1. Higher maternal levels of red blood cell (RBC) folate are associated with a reduced risk of offspring congenital heart disease (CHD).
2. Every 100-nmol increase in maternal RBC folate concentration was significantly associated with reduced CHD risk.
Evidence Rating Level: 1 (Excellent)
Study Rundown: CHD is the most common congenital defect worldwide. Current strategies in managing CHD include prenatal and postnatal screening for diagnostic management and surgery. Although, substantial efforts are currently required to identify major modifiable risk factors. Maternal folate supplementation is well-established to protect against neural tube defects and is a crucial nutrient for embryonic development. Critically, there is a gap in knowledge as to understanding the significant associations between folic acid supplementation and CHD. There is also a gap in knowledge as to understanding whether the biomarker, RBC folate, is associated with fetal heart development. Overall, this study found that higher maternal RBC folate is associated with a reduced risk for offspring CHD. This study was limited by occasionally missed diagnoses of asymptomatic or minor CHD cases, as well as RBC folate concentrations potentially not being directly comparable to previous studies using different measurement assays. There was also unmeasured and residual confounding. Nevertheless, these findings are significant, as they demonstrate that higher maternal RBC folate is associated with reduced offspring congenital heart disease risk, which can lead to changes in current recommendations for levels of folate supplementation.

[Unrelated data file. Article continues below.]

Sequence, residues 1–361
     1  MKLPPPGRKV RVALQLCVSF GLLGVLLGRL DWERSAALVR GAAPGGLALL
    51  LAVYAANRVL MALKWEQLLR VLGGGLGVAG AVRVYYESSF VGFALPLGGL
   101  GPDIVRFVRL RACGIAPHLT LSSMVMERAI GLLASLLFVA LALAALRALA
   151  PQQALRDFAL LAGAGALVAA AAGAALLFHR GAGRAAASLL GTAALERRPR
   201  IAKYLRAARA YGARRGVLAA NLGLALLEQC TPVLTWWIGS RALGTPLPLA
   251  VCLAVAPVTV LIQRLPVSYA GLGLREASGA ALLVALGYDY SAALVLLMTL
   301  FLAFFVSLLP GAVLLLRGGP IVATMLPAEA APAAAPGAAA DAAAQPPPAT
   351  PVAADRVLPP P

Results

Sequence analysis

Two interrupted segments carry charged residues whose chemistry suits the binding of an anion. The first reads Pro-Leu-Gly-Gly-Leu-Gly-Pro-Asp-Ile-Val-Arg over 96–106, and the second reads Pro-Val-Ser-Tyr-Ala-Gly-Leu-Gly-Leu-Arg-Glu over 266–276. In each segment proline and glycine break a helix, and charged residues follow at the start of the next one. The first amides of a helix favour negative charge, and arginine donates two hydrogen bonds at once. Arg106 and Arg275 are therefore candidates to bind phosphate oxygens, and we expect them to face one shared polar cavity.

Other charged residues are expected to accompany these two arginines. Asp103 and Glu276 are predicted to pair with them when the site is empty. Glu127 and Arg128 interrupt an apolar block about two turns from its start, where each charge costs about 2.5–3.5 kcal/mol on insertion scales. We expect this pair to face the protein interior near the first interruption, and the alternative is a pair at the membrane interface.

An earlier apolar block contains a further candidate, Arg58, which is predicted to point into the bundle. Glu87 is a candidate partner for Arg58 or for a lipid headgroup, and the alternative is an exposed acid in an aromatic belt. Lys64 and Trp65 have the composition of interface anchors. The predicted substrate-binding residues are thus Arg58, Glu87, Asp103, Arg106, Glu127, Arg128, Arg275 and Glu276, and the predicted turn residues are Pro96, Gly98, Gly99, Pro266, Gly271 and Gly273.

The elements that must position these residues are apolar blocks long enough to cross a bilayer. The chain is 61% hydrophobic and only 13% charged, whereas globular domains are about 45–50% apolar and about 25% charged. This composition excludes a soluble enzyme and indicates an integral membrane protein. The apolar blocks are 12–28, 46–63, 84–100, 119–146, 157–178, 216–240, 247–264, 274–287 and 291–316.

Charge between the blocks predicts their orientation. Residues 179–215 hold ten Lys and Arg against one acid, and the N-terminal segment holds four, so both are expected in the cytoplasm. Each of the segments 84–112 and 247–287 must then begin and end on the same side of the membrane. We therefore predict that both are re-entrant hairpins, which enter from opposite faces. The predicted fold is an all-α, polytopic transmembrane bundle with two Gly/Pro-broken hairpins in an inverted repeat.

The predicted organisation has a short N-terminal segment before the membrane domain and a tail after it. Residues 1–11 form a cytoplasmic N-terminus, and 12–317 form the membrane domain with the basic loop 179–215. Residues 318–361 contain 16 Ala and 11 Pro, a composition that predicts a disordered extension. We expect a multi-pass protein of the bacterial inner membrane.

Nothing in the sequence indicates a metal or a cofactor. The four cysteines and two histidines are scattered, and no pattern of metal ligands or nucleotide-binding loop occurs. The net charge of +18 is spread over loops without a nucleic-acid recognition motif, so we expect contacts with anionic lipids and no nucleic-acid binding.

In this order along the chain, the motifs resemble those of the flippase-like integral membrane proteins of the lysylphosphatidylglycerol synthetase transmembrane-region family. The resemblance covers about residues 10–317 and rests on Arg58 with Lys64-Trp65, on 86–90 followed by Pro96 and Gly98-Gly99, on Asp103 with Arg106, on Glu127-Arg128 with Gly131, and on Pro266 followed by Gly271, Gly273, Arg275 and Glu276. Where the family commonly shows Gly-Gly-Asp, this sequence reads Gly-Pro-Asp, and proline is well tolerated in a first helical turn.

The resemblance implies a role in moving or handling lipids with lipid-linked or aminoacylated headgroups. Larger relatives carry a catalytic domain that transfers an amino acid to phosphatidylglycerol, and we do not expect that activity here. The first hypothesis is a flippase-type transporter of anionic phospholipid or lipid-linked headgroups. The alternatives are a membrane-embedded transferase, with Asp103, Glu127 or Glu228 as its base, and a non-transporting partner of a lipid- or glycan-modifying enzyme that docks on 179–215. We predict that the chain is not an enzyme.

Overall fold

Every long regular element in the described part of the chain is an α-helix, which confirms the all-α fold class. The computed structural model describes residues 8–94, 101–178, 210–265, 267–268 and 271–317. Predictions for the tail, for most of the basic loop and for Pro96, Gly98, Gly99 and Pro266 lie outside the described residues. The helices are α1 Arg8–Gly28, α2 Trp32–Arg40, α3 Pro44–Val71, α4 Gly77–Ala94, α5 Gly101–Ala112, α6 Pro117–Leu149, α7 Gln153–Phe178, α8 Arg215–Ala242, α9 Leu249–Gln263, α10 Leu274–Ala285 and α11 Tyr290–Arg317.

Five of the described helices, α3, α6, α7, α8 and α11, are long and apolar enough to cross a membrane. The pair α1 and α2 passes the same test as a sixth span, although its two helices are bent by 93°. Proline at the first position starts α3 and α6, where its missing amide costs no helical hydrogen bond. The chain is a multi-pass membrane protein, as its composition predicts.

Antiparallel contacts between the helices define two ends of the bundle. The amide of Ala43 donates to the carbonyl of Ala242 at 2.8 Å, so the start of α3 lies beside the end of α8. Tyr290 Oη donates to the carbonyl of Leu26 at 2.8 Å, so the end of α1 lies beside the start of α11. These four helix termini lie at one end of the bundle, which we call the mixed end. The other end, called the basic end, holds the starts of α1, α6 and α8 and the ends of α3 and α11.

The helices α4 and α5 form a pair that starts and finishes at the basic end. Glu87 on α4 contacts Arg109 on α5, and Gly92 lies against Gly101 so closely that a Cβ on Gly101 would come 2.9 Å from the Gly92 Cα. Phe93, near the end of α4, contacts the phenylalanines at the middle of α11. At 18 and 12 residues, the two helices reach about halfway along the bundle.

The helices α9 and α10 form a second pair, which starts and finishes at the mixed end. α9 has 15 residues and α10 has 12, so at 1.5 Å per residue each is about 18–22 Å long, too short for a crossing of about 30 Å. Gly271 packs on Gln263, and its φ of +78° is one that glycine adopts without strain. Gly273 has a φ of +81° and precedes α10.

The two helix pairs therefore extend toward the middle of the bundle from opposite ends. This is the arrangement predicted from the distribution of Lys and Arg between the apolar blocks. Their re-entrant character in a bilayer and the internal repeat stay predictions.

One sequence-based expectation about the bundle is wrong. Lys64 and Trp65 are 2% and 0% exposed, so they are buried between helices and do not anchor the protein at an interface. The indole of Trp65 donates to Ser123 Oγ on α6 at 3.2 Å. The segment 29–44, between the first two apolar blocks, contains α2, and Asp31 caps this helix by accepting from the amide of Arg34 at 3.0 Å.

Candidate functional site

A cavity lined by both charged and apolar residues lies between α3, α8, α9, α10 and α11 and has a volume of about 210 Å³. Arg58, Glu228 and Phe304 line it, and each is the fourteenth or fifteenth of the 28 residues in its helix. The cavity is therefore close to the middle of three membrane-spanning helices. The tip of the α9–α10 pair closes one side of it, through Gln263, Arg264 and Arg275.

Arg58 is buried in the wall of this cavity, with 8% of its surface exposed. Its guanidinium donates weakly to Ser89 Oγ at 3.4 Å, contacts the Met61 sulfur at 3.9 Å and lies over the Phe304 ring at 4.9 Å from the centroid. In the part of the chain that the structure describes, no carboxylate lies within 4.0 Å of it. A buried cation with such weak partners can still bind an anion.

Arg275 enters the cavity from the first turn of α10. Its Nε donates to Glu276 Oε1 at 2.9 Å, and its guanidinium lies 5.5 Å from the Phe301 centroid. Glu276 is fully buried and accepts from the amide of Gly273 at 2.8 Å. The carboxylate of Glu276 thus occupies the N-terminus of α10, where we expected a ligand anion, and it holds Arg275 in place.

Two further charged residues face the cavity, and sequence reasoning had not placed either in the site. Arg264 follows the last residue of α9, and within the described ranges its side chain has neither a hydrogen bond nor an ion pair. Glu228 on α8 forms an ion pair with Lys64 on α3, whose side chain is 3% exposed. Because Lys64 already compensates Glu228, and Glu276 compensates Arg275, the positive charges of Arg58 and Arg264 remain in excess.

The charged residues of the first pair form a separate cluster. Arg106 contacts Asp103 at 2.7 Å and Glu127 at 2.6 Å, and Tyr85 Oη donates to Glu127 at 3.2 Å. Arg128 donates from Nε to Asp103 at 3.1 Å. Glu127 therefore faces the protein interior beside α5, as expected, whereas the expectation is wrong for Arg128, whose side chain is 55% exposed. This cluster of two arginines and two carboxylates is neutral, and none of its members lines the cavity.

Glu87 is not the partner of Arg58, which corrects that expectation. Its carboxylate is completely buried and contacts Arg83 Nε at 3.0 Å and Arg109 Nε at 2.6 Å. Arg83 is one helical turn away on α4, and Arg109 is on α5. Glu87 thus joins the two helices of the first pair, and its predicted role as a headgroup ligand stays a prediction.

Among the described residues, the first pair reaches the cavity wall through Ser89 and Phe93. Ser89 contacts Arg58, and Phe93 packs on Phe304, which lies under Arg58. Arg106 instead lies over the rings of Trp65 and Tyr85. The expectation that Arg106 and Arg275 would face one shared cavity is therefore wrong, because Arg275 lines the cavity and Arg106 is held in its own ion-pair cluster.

Relevant Reading: Summary for Patients: Maternal Folate Level and Congenital Heart Disease
In-Depth [case-control study]: This prospective, nested, case-control study and 1-sample Mendelian randomization was conducted at 29 maternity institutions in 12 districts of Shanghai, China. The study included 197 mothers of offspring with CHD and 788 individually matched mothers of unaffected offspring. Patients with abnormal prenatal ultrasound scans in the second trimester were eligible for the study. Patients with simple patent foramen ovale, patent ductus arteriosus closed within 3 months of age, physiologic pulmonary branch stenosis resolved at postnatal follow-up, and atrial septal defect closed within 3 months of age were excluded from the study. The primary outcome measured was the association of continuous maternal RBC folate concentration with subsequent offspring CHD risk. Outcomes in the primary analysis were assessed via 1-sample Mendelian randomization using the MTHFR-C677T variant as the instrument variable, which is a well-established functional polymorphism related to folate metabolism. Based on the primary analysis, the case patients had lower median maternal RBC folate concentrations than control participants (714 nmol/L [interquartile range, 482 to 1008 nmol/L] vs. 788 nmol/L [557 to 1094 nmol/L]). After analysis, it was determined that maternal RBC folate concentrations were inversely associated with offspring CHD (adjusted Odds Ratio [OR] per 100 nmol/L, 0.93; 95% Confidence Interval [CI], 0.89 to 0.99). The Mendelian randomization showed that each 100-nmol increase in maternal RBC folate concentrations was significantly associated with reduced offspring CHD risk (OR, 0.75; 95% CI, 0.61 to 0.92). Overall, this study demonstrates that higher maternal RBC folate levels are associated with reduced risk for offspring CHD, suggesting that there should be higher target RBC folate levels than currently recommended.
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